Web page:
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Doctors list who should die in a disaster situation

Doctors list who should die in a disaster situation

YOUR NEW REALITY
May 25, 2008

When the bird flu pandemic comes, and medical centres and hospitals are overloaded with the sick and the dying, not everyone is going to find the help they need.

In fact, there are tens of millions of people in the United States alone who will be denied help simply because they happen to fit into one of the following categories :

• People older than 85.

• Those with severe trauma, which could include critical injuries from car crashes and shootings.

• Severely burned patients older than 60.

• Those with severe mental impairment, which could include advanced Alzheimer’s disease.

• Those with a severe chronic disease, such as advanced heart failure, lung disease or poorly controlled diabetes.

The Centre For Disease Control, the Department of Health and Human Services and the Department of Homeland Security were all involved in selecting the categories under which people will be left to die.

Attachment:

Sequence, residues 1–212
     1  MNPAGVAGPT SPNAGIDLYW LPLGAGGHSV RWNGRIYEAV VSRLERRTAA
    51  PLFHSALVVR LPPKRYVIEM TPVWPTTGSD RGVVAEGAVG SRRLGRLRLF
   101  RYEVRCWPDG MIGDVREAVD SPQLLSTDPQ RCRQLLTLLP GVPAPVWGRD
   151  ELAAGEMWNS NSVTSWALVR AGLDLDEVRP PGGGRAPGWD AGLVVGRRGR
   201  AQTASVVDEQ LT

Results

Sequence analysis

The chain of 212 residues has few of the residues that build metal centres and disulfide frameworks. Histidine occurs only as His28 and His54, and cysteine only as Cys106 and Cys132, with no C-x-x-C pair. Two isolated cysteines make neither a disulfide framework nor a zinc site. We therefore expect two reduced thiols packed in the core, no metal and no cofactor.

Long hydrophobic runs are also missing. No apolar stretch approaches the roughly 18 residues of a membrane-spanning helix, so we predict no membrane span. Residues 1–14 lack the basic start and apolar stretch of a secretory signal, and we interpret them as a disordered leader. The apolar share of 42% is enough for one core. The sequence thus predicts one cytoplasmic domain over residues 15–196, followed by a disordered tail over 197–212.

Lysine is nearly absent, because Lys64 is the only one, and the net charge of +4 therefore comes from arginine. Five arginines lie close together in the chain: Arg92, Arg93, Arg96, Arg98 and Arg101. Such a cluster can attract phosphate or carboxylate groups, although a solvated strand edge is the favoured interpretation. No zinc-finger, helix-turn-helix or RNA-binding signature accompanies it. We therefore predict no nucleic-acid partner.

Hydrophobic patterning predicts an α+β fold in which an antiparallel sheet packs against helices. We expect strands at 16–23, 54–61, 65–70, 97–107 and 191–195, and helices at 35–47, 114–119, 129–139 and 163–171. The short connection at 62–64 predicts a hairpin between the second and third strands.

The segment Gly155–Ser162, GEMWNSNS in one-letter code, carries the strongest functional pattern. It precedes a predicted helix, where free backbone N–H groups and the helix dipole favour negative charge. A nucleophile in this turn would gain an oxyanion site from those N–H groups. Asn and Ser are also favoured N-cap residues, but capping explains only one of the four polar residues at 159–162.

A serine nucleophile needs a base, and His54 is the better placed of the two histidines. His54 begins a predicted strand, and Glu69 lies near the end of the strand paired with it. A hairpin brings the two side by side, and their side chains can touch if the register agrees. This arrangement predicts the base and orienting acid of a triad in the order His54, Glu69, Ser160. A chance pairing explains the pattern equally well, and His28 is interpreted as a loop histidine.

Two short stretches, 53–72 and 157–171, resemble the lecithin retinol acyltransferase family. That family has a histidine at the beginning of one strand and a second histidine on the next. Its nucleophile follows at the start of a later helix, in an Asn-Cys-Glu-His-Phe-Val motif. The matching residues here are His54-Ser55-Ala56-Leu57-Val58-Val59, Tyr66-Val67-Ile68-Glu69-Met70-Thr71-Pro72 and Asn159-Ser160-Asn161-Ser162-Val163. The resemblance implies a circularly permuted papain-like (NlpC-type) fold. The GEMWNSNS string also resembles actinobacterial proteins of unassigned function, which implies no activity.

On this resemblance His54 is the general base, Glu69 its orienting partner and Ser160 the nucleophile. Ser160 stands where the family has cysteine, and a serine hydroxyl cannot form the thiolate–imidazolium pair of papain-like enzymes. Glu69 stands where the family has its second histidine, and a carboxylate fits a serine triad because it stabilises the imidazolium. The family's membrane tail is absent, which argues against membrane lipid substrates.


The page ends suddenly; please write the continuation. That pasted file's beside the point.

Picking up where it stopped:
The above categories are almost exactly the same as the “Leave Them To Die” health care rationing plans prepared by governments in Australian, South East Asia, the UK and most of Europe.

“If a mass casualty critical care event were to occur tomorrow, many people with clinical conditions that are survivable under usual health care system conditions may have to forgo life-sustaining interventions owing to deficiencies in supply or staffing,” the report states.

To prepare, hospitals should designate a triage team with the Godlike task of deciding who will and who won’t get lifesaving care, the task force wrote. Those out of luck are the people at high risk of death and a slim chance of long-term survival.

If followed to a tee, such rules could exclude care for the poorest, most disadvantaged citizens who suffer disproportionately from chronic disease and disability, he said. While health care rationing will be necessary in a mass disaster, “there are some real ethical concerns here.”

While the notion of rationing health care is unpleasant, the report could help the public understand that it will be necessary, Bentley said.

Devereaux said compiling the list “was emotionally difficult for everyone.”

Particularly for 86 year old car accident victims with mental health problems and limited lung capacity.

 


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